Read the article




Avoidant/Restrictive Food Intake Disorder (ARFID) in New Zealand and Australia: A scoping review

Avoidant/Restrictive Food Intake Disorder (ARFID) in New Zealand and Australia: A scoping review

This brand-new scoping review looks at research into ARFID in New Zealand and Australia – this is a valuable resource moving forward, as it outlines what we know and what we need to know to better support those living with ARFID.

“The review identifies the methods, participants, and key findings of the studies on ARFID and suggests targeted and actionable research goals for researchers and funders. It calls for more-accurate information on how common ARFID is in children, for larger-scale studies using validated measures, and emphasizes the need for education and training of healthcare professionals, and a collaborative approach to treatment.”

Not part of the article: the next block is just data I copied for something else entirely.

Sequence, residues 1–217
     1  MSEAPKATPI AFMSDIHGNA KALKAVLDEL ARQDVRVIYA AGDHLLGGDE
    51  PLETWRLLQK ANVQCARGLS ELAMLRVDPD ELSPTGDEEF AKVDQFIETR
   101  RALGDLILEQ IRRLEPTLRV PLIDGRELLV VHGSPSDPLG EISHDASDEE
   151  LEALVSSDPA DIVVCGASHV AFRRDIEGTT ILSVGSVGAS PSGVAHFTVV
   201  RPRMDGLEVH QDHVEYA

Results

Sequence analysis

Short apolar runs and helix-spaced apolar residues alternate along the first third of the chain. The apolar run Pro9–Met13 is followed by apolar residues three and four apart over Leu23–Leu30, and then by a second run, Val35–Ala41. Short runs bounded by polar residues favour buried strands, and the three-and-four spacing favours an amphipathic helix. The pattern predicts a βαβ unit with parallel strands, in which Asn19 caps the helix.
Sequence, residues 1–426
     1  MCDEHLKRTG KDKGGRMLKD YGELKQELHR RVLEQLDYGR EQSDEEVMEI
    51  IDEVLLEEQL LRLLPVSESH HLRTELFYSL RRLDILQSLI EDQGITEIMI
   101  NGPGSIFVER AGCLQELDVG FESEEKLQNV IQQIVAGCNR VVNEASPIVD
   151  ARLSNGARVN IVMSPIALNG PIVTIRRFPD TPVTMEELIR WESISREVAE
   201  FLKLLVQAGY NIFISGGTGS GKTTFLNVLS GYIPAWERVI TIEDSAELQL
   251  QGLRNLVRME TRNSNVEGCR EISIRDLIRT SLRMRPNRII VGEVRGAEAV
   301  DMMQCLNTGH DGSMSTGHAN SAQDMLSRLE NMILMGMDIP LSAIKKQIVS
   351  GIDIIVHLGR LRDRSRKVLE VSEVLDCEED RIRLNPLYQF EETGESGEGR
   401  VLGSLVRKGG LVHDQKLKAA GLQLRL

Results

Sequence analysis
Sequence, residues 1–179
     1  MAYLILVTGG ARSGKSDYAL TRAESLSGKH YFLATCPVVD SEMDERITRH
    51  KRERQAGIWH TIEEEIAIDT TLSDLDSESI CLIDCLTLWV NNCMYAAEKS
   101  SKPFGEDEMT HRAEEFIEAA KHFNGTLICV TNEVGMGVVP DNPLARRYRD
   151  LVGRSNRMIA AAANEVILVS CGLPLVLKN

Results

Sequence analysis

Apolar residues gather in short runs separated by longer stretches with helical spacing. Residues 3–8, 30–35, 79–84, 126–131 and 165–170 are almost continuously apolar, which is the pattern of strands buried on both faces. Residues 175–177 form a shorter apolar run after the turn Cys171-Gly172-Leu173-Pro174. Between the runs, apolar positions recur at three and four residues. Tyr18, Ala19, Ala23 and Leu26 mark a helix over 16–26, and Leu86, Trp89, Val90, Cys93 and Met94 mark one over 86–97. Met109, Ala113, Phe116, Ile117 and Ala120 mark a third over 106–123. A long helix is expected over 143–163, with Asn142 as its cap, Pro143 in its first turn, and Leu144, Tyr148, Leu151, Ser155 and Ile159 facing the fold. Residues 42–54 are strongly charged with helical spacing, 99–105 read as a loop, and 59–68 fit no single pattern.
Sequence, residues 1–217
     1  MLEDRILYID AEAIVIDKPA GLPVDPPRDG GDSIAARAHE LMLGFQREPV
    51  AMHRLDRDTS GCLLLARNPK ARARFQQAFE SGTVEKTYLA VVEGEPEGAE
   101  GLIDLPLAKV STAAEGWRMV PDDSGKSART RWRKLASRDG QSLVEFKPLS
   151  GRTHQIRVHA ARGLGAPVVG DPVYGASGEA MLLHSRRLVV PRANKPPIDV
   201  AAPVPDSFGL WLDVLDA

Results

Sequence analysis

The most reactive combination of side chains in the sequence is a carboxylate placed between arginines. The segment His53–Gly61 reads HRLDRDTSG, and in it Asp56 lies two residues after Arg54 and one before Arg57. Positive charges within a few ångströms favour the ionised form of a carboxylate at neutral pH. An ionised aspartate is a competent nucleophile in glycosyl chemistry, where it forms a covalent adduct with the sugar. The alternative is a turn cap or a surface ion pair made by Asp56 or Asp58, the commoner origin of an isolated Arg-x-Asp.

Read more




These are the Symptoms of ARFID, an Eating Disorder Linked to Fear and Anxiety

These are the Symptoms of ARFID, an Eating Disorder Linked to Fear and Anxiety

From BuzzFeed News

If you haven’t heard of ARFID, or are unsure what the diagnosis means, you are not alone. It is one of the lesser-known eating disorders and is often misunderstood. If you want to know more, this article provides a deep dive into ARFID symptoms and treatment.

"As more people talk about the condition and raise awareness, it can help reduce the shame that many people feel about having the disorder."

Read Article




How to Support Your Child with ARFID

How to Support Your Child with ARFID

From Veritas Collaborative

If you want to know more about what ARFID is and how you can support a child or loved one with ARFID, this article contains some great tips. Particularly, it highlights the importance of caring for yourself – something parents often neglect. It is a good reminder that:

“Taking care of yourself is an essential part of caring for someone with an eating disorder. You can best help those around you if you help yourself first."

Read the article




EDANZ Support Group Meetings